Gästriklands bergsmän, Kronan och handelskapitalet: Aktörer och institutionella spelregler i bergsmansbruket, 1650-1870
1999 (Swedish)Doctoral thesis, monograph (Other academic)
This investigation was originally based on the family archives of the bergsmän (iron producing peasants) in the parishes of Torskåer and Ovansjö in south-west Gästrikland. They gave an insight into a rather unknown proto-industry, run since medieval times by peasant households and flourishing in the 18th and 19th centuries. To understand the proper background more material had to be brought from other sources.
In Early Modern times, Sweden played a significant role in the supply of wrought iron in Western Europe. The production, ordered by the Crown, was in three stages: first the bergsmän mined and blast-furnaced the iron, then the ironmasters forged it, and last the ironmerchants shipped the finished product. But in the county of Gästrikland the bergsmän succeeded in maintaining their pig-iron as well as bar-iron production, in spite of keen competition from the ironmasters, and sold it to the ironmerchants in the town of Gävle, 50 to 80 kilometres away. In this way some could make a substantial living, but others were driven into debt by mortgage loans, resulting in a significant economic differentiation among the bergsmän.
In the 17th century, when Sweden appeared on the North European market, the bar-ironproduction in Gästrikland was strongly increased by the appearance of Scottish, Dutch andSwedish merchants investing in iron works and iron trade. Throughout the 18th century thebergsmän could keep some 20% of the bar-iron production in the county for themselves up to the mid-19th century, thanks to the fact that their marketing was managed by the merchants of Gävle. Starting in the 18th century many socio-economic conflicts arose between peasants and masters, especially over the interpretation of the institutional framework and the production and furnishing of charcoal. The Crown tried to clear up such conflicts, while the peasants benefited, thus gaining social status and self-esteem. From 1810 the institutional rules of the Crown were gradually liberalised, and merchant capital could start to penetrate the peasants' iron works and forests. Thus around 1870 the peasants' iron works were gone and the peasants changed to fulltime farming or to work in forests or new industries.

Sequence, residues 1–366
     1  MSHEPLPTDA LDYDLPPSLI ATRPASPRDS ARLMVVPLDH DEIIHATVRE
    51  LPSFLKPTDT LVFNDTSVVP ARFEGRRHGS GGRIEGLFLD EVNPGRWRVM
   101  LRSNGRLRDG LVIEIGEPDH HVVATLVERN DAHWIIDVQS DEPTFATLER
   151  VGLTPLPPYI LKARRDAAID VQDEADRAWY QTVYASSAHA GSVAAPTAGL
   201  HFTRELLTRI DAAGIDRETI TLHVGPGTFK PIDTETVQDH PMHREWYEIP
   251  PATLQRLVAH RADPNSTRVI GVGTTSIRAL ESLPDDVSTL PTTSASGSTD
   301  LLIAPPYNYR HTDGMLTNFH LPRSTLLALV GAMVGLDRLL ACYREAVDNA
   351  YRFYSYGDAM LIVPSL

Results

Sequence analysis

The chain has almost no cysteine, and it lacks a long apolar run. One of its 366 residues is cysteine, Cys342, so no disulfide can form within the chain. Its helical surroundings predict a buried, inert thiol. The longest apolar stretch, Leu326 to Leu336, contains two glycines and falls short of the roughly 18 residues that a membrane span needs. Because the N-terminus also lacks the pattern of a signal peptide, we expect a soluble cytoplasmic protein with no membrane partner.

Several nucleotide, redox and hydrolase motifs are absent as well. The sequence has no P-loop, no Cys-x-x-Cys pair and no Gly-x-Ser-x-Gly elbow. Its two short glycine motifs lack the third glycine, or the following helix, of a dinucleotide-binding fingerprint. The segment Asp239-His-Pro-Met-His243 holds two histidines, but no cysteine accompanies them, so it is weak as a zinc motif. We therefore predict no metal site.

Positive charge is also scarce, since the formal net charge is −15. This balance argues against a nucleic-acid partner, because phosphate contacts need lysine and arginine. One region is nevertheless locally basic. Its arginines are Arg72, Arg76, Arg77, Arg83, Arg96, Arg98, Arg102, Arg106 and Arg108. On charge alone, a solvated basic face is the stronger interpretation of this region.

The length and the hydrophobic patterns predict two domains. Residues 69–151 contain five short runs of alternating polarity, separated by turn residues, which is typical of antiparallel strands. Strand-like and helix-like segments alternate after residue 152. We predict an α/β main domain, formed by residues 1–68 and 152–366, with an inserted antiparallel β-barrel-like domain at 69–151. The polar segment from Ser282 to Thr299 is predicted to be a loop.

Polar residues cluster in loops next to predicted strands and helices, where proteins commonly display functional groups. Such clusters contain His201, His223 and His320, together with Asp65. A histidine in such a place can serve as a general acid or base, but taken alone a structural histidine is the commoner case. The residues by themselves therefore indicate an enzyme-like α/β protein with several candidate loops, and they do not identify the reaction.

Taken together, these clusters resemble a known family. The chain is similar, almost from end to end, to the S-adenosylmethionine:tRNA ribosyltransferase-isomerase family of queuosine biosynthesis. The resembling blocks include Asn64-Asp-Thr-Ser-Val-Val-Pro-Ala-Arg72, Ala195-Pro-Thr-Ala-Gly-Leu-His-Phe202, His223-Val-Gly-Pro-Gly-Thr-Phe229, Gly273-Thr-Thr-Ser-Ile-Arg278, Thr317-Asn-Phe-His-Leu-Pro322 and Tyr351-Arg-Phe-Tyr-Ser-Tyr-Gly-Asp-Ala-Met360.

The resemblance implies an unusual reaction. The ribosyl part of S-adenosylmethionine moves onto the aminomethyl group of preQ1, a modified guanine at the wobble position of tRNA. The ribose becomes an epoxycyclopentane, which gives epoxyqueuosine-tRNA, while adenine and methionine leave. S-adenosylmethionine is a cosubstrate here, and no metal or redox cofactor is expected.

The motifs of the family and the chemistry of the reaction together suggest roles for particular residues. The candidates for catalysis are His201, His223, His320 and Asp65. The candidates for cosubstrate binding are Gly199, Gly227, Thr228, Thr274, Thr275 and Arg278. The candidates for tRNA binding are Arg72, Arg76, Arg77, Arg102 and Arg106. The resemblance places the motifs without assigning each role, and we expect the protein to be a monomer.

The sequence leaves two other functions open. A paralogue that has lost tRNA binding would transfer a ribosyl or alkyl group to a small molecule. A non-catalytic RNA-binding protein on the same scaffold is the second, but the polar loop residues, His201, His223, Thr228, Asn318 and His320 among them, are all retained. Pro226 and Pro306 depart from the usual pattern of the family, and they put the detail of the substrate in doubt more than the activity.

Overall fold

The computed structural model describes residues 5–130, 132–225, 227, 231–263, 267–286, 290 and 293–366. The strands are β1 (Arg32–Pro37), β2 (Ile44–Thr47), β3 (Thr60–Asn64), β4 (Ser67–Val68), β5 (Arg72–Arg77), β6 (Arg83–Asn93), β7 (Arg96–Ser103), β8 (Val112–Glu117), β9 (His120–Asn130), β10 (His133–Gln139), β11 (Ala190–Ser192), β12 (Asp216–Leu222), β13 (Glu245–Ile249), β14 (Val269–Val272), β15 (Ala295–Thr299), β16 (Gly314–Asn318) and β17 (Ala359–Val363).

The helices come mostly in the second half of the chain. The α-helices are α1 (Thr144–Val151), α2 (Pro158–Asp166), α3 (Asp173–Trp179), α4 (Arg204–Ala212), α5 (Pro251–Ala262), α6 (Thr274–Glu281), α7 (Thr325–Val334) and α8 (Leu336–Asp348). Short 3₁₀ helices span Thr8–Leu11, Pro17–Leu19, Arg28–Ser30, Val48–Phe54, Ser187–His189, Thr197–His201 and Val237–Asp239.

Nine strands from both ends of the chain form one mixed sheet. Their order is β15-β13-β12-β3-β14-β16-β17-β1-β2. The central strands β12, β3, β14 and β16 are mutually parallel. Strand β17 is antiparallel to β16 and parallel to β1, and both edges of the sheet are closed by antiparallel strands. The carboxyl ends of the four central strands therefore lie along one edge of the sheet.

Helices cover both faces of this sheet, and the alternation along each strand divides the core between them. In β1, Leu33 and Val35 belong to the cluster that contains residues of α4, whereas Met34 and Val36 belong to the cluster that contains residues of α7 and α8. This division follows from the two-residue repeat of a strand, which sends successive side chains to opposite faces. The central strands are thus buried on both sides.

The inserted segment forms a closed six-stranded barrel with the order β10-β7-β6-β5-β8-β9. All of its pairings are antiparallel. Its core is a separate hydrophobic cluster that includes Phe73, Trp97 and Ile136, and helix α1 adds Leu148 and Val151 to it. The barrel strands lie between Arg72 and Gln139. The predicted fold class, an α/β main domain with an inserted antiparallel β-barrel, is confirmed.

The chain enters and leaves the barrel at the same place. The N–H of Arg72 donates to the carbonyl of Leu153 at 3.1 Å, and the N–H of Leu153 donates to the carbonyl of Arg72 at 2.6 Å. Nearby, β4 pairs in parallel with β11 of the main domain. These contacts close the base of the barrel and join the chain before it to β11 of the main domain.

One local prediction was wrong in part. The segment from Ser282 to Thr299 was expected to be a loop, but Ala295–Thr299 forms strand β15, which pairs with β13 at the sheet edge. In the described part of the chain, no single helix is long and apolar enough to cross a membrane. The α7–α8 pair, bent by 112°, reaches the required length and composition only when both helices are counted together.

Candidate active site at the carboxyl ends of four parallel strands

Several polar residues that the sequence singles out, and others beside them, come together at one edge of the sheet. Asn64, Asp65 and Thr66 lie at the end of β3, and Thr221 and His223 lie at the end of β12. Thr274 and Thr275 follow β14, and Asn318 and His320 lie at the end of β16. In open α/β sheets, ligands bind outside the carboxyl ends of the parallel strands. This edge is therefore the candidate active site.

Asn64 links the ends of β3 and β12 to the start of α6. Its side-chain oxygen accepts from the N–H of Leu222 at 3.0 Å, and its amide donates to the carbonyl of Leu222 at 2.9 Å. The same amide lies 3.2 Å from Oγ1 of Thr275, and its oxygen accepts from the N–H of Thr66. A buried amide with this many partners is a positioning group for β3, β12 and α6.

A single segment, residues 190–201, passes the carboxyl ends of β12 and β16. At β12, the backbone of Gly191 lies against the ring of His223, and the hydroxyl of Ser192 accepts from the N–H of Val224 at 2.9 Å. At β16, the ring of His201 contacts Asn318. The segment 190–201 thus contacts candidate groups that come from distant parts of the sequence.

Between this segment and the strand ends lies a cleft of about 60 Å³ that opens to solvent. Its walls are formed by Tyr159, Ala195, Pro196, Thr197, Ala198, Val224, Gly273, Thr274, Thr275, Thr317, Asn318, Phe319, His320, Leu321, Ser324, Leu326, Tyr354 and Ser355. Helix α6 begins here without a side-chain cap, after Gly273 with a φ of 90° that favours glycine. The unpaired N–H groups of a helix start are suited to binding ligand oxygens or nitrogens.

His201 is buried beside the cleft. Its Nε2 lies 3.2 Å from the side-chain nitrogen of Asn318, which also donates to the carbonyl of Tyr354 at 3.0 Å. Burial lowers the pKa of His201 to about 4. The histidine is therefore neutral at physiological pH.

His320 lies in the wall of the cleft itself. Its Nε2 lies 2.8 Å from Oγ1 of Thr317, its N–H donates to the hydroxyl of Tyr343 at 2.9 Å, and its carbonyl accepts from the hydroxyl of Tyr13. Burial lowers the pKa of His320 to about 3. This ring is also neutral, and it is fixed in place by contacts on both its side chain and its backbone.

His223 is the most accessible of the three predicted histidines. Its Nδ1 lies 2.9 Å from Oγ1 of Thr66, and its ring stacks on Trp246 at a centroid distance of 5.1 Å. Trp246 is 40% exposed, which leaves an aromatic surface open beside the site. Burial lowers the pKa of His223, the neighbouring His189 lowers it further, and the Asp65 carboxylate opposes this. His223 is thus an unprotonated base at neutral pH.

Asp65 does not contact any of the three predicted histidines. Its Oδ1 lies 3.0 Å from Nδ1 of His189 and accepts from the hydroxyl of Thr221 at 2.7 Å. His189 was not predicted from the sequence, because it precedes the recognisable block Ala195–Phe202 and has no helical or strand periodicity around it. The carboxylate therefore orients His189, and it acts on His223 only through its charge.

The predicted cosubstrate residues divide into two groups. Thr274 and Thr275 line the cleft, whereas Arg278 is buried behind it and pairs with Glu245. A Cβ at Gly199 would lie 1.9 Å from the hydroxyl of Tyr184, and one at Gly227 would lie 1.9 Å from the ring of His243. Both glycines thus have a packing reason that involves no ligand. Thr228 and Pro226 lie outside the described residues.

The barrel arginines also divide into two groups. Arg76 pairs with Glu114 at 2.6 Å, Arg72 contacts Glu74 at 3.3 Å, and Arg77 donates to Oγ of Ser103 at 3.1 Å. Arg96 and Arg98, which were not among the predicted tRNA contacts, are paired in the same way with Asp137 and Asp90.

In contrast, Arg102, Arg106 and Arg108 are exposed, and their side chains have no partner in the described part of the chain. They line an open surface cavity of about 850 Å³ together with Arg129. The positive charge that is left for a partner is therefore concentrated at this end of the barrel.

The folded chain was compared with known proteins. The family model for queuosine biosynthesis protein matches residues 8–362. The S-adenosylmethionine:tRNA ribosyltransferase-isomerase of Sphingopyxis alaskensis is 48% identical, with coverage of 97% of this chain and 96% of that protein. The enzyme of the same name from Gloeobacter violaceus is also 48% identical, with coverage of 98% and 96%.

Place, publisher, year, edition, pages
Uppsala: Acta Universitatis Upsaliensis , 1999. , 274 p.
Uppsala Studies in Economic History, ISSN 0346-6493 ; 45
Economic history, family archives, proto-industry, iron producing peasants (bergsmän), ironmasters, ironmerchants, institutional framework, economic differentiation, socio-economic conflicts, social status, merchant capital penetration
Research subject Economic History
IdentifiersURN: urn:nbn:se:uu:diva-289ISBN: 91-554-4395-8OAI: oai:DiVA.org:uu-289DiVA: diva2:162144
1999-05-08, hörsal 4, Ekonomikum, Kyrkogårdsgatan 10, Uppsala, Uppsala, 10:15